Now you've got the equivalent of six hours and not two and a half. You can explore Bucky's backstory, Sam's backstory. What's going on in Louisiana, some of the financial hardships they're up to. You can just tease things a little bit more, and because of the nature of building an exciting structure at the end of each episode, I think people have the patience for it. And that has an effect on the music. It's a very good question because it means that not all the music has to remain in its scale of vocabulary at gear-five all the time. It affects the instrumentation and the patience, the patience of some of the cues. What's great about this is you'll have these more emotional scenes that require a gentle touch and a more static aesthetic where you're not being too narratively on the nose. But then in the very same show, you'll have a huge Flag Smasher piece of music where you're getting fanatics preparing major acts of violence and you'll get giant action sequences. So you actually do get, musically, the full spectrum.
I won't give anything away, but by the time you reach the apex, the climax of the show, the demands for music are the same as the movies. It's just that as you pointed out, there's this other space opened up for more patient character study.
You mentioned using that snippet of the Alan Silvestri score at the very beginning of The Winter Soldier. When you bring back a theme that somebody else started, or say in the second episode, the bastardization of the "Star-Spangled Man" song, are those decisions that you make yourself, or is it more collaborative?
It's very collaborative. For example, because there's so little of it, on Winter Soldier, it's literally the very first cue when we first see Sam and Cap together... You just get that handover from where we left off, and just nothing else in that thematic work thereafter. And in the case of the "Star-Spangled Man," I think, yeah, same thing. Between director, music supervisor, it landed in there and it just becomes a parody. It's perfect.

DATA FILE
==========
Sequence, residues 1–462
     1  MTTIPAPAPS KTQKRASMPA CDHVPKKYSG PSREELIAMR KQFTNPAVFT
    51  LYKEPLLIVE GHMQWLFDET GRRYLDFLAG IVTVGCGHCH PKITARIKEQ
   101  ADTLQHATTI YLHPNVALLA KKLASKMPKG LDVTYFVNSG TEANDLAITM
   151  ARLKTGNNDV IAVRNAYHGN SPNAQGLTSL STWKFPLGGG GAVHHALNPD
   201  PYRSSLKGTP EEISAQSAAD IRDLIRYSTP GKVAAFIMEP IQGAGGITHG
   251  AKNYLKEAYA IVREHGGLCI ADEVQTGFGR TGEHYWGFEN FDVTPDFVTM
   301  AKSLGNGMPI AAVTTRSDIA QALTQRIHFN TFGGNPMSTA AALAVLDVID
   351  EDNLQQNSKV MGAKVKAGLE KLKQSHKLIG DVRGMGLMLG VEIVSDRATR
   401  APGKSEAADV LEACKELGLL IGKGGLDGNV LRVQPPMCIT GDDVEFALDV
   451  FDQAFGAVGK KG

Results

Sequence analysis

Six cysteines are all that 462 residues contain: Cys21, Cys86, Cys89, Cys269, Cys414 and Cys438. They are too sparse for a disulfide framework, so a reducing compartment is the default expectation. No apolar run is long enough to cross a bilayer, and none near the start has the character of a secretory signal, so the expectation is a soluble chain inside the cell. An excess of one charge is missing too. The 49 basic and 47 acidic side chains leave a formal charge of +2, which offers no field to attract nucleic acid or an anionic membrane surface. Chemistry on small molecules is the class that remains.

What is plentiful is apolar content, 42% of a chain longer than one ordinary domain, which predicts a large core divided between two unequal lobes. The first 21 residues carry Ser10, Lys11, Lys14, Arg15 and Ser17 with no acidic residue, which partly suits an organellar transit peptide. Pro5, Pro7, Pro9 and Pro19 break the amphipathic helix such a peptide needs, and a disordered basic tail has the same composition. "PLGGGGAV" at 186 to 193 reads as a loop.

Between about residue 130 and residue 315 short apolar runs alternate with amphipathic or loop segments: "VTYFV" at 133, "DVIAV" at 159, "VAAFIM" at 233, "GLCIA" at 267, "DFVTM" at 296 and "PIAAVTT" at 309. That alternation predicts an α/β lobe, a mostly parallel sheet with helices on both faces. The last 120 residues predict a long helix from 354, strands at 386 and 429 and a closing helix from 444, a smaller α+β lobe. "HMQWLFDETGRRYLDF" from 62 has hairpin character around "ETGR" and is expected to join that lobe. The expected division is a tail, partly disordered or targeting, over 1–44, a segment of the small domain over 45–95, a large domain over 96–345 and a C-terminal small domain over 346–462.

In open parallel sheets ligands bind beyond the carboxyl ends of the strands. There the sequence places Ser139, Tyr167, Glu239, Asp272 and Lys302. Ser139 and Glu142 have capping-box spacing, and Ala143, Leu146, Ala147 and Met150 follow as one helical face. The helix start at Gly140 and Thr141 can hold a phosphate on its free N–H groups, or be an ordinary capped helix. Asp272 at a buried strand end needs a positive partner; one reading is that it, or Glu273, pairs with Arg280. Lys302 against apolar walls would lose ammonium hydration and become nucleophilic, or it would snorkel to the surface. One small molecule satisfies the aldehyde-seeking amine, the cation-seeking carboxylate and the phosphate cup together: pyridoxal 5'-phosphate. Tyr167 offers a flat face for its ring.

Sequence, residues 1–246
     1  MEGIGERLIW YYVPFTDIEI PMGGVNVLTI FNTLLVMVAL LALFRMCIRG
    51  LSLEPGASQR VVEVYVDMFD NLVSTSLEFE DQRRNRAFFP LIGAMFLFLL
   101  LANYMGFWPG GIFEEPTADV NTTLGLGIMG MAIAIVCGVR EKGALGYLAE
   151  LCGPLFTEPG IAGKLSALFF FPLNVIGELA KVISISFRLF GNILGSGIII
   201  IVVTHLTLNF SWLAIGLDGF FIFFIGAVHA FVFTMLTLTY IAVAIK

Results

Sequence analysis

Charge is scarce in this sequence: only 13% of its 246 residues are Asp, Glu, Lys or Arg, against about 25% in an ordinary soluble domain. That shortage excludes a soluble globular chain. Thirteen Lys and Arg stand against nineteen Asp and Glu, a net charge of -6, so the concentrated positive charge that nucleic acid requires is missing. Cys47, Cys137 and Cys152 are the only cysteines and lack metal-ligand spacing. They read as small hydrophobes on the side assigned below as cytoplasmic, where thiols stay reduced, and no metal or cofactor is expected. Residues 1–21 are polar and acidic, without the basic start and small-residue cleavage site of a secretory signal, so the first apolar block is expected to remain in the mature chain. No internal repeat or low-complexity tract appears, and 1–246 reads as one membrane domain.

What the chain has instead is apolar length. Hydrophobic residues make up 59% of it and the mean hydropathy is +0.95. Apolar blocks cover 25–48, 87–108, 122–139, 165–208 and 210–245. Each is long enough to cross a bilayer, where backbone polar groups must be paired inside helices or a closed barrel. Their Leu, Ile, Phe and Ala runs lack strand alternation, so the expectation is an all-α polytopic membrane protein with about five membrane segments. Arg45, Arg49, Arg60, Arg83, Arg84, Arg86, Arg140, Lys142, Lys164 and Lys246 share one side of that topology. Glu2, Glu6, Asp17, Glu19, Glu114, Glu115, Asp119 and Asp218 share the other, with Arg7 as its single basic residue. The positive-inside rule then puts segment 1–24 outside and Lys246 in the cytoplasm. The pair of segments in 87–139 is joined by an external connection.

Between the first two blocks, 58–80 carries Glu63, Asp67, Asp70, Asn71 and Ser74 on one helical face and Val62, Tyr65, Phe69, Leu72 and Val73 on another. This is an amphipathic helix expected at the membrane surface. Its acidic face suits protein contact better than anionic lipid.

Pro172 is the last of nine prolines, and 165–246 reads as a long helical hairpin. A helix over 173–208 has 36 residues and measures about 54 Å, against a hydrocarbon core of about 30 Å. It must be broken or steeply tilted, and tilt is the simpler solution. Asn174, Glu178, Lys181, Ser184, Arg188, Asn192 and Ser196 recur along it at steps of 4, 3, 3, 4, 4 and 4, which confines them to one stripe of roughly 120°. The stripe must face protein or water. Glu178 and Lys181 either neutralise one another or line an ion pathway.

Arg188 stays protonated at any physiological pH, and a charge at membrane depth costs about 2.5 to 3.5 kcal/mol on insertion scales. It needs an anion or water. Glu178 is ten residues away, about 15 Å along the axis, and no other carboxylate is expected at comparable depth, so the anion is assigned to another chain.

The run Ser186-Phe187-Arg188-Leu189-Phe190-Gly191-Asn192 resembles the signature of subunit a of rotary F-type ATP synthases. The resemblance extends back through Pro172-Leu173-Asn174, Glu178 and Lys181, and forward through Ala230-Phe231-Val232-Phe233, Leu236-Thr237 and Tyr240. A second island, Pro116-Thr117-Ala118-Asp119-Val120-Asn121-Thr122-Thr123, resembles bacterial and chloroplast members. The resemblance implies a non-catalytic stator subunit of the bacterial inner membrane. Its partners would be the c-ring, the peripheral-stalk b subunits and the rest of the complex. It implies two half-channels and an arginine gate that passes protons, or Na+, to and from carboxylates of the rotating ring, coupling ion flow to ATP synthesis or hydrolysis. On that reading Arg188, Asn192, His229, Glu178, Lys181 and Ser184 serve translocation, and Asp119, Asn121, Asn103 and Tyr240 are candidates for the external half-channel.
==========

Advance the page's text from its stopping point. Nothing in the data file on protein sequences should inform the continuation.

This is not a Falcon and Winter Soldier question and I know it was a plot point, but in Kingsman: The Golden Circle you have this glorious moment where Country Roads becomes a big part of the score. Was that you?
Yes. Including the Kingsman motif in that… you better show some courage with a filmmaking moment like that, because if you don't go in committed, a scene like that is just going to fall flat on its face. You've got to go in so hard. And what I love about Matthew [Vaughan] is, look... he only has one mode, which is you just go for it full metal. So rather than sort of leave [Mark Strong as Merlin] singing, autotune it a bit and just sort of leave him hanging, it was like, no, no, no, no, no. He starts singing, that's fine. And then we'll leak in the score, and we're not going to pull any punches. There's going to be bagpipes, a full choir. It's going to crescendo to a massive orchestration. While we're at it let's sling in the Kingsman motif. Matthew just kept going, "Just throw."
By the time he gets to that last chord and goes up the octave and then, as we all know, the thing goes off, it's like there's no point holding back, throw everything you've got at it like it's a big number. You need to suspend a little more than you'd normally suspended in films, but it's a moment.
You probably can't answer this, but can fans of yours look forward to more of your music in the MCU?
I can neither confirm nor deny anything as regards to that question.
We had to ask.
All I would say is I love it every time I do it. So there'll be no element on my side to go, "Oh, well, I think I've done quite a lot of it, I'm not too sure I want to do anymore." Every time I get involved in it, I love it. So it's all enthusiasm as far as I'm concerned.
The Falcon and the Winter Soldier flies on Disney+ every Friday.